Monday, May 1, 2017

Ann Arbor Voters: Vote Yes Tuesday May 2, 2017

Did you know there was an election coming up this Tuesday, May 2nd? Well, there is. Polls will be open from 7 a.m. to 8 p.m.

Both Ann Arbor schools and Ypsilanti schools have proposals on the ballot. [So if you live in the school district, you need to vote. It's not about whether you live in the city.]

Find your polling place here.

For Ann Arbor, the question is whether to support a Sinking Fund Millage. This could be considered a renewal PLUS. It is an increase over what we have had recently, but it replaces a millage that we currently have. The millage would go from 1.0 to 2.5 mills. Under state law, sinking fund proceeds may not be used to pay teacher or administrator salaries. They are used to meet facility/physical building needs, and if we don't have the millage, that money gets taken from the general fund. 

I'm supporting this millage. 

I was leaning that way anyway, but I came to this as a definitive conclusion while I was sitting at a Recreation Advisory Commission meeting. I've been on the RAC for about two years, and we meet where Rec & Ed's offices are, on the "back" (S. Seventh) side of Pioneer High School. And here it is, February or March, and it is raining outside, I walk into a room where the tables have been moved from their usual spots, because in the usual spots there are buckets catching the rain from a leaking roof. Not one bucket. Many buckets.

[The whole bucket theme now has me singing to myself, "There's a hole in the bucket, dear Liza, dear Liza/There's a hole in the bucket, dear Liza, my love/Then fix it dear Henry, dear Henry, dear Henry/Then fix it dear Henry, dear Henry my love." And actually, maybe that's a good metaphor for the sinking fund, because the song continues, "With what shall I fix it...?"]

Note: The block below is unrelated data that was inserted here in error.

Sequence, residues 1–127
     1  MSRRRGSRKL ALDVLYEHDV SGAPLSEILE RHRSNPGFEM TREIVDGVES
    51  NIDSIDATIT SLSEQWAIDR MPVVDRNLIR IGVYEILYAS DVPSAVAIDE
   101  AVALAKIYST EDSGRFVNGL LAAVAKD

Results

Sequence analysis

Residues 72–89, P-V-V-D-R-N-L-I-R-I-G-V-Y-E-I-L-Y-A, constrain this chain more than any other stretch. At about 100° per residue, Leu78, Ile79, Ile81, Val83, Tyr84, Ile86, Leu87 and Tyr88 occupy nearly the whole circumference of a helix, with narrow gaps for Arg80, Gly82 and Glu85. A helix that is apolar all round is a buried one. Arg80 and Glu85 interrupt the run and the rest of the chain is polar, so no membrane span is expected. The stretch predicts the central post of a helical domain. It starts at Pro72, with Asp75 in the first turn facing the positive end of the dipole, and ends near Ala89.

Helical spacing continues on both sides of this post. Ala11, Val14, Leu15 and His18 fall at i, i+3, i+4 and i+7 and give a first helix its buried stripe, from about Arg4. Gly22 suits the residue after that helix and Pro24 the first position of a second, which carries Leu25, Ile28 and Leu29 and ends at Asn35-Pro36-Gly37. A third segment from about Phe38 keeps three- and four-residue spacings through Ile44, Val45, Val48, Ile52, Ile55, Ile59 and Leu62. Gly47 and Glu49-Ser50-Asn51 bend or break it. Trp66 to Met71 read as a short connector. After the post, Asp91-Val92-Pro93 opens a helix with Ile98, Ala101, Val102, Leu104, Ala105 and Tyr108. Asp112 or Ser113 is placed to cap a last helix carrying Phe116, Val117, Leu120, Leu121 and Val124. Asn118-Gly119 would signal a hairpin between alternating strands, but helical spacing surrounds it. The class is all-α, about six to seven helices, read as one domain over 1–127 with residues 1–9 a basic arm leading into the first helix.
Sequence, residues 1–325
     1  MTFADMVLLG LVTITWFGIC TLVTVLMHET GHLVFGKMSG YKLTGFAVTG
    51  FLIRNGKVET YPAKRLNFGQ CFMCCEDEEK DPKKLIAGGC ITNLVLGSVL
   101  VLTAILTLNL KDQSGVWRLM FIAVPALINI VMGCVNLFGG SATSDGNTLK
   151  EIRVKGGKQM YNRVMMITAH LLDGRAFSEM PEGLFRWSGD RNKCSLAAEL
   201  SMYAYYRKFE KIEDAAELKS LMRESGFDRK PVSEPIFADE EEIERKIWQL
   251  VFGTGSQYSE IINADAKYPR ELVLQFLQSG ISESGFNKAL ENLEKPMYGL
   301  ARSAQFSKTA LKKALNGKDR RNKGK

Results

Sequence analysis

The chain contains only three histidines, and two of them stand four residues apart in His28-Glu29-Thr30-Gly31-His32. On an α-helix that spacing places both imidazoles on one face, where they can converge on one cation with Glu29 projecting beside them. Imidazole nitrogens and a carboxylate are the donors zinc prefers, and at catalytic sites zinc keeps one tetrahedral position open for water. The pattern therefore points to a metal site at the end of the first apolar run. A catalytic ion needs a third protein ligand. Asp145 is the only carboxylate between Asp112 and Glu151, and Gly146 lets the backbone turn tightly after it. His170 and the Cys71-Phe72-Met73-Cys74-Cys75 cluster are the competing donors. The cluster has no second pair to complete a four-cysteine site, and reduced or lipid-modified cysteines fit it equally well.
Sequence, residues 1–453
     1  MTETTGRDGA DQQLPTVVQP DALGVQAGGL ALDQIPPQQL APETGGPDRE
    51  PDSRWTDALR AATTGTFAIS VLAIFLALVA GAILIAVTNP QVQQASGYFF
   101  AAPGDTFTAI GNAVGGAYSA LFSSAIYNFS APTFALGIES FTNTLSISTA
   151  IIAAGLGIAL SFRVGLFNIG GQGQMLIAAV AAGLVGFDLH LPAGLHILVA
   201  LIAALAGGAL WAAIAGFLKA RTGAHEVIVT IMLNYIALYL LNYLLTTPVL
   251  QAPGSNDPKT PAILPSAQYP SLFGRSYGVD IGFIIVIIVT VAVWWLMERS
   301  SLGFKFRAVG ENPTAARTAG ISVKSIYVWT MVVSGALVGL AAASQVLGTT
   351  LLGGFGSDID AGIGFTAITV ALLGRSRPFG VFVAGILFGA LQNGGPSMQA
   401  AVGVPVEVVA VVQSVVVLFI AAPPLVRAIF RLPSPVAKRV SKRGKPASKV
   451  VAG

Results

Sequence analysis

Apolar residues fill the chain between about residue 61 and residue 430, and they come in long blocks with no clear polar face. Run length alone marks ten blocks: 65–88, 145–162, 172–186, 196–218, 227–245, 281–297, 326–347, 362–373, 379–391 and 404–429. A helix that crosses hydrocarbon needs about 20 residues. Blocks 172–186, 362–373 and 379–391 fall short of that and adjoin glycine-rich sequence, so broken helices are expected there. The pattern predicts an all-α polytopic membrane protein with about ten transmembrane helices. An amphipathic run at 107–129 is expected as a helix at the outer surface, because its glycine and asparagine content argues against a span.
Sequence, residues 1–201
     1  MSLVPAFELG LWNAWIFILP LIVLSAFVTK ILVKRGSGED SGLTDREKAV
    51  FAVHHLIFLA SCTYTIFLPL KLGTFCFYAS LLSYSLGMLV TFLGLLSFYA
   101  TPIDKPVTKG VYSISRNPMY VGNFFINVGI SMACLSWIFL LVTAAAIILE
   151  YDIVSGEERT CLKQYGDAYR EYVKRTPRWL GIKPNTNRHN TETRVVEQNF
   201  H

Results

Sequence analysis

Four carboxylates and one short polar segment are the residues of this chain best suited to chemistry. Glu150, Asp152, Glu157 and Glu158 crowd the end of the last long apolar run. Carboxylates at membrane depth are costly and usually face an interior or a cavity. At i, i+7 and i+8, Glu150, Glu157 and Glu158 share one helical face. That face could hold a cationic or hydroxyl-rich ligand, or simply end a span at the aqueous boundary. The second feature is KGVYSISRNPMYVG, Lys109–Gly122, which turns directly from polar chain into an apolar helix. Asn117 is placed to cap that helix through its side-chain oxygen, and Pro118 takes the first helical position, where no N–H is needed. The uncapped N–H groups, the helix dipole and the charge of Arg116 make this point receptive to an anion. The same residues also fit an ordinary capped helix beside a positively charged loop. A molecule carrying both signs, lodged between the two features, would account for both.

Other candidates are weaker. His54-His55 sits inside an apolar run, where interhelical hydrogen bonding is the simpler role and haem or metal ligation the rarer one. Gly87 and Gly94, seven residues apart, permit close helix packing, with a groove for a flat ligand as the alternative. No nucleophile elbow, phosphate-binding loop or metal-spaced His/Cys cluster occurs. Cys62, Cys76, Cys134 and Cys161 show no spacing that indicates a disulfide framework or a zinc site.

When Allen School flooded, the district exhausted its insurance and had to dip into the general fund. They have since "upped" their insurance coverage, but anytime you have to dip into the general fund, that is taking away from teachers and other staff and from stuff for kids.

A few weeks ago, at another Recreation Advisory Commission, sitting in the same room, this time there are no buckets. However, it is hot! I wish I could say that being hot (or cold) is an unusual experience for teachers and kids in the district, but the fact is--it's not! Go into many classrooms in September or June, and you will find the rooms well over 80 degrees. I don't think this is the easiest way for kids to learn!

Let's face it, buildings need to be renewed or they fall apart. I'd rather that money came from the sinking fund than the general fund, because the general fund supports teachers, and is constantly under threat from the state legislature.

So--I'm supporting the sinking fund millage. Do I agree with all of the proposed ideas for how to spend the money? Probably about 90% of them. That's good enough for me--I probably only agree with myself about 90% of the time!

If you live in the Ann Arbor school district, please vote Tuesday May 2, 2017.

You can read more!

1. Ann Arbor Public Schools Information Page

2. Ann Arbor Citizens Millage Committee Web Page

What Does The Ballot Proposal Say?

This proposal would replace and extend the authority last approved by voters in 2013 and which expires with the 2019 levy for the Public Schools of the City of Ann Arbor to levy a sinking fund millage.  This proposal would allow the use of proceeds of the millage for all purposes previously permitted by law as well as newly authorized security improvements. 
As a replacement of existing authority, shall the Public Schools of the City of Ann Arbor, County of Washtenaw, Michigan, be authorized to levy 2.50 mills ($2.50 per $1,000 of taxable valuation) to create a sinking fund for the purpose of the construction or repair of school buildings, including school security improvements, and the improvement and development of sites and, to the extent permitted by law, for other purposes, including, but not limited to, the acquisition and installation of furnishings and equipment, by increasing the limitation on the amount of taxes which may be imposed on taxable property in the School District for a period of ten (10) years, being the years 2017 to 2026, inclusive?  It is estimated that 2.50 mills ($2.50 per $1,000 of taxable valuation) would raise approximately $20,193,874 in the first year that it is levied. 
(Under state law, sinking fund proceeds may not be used to pay teacher or administrator salaries.)

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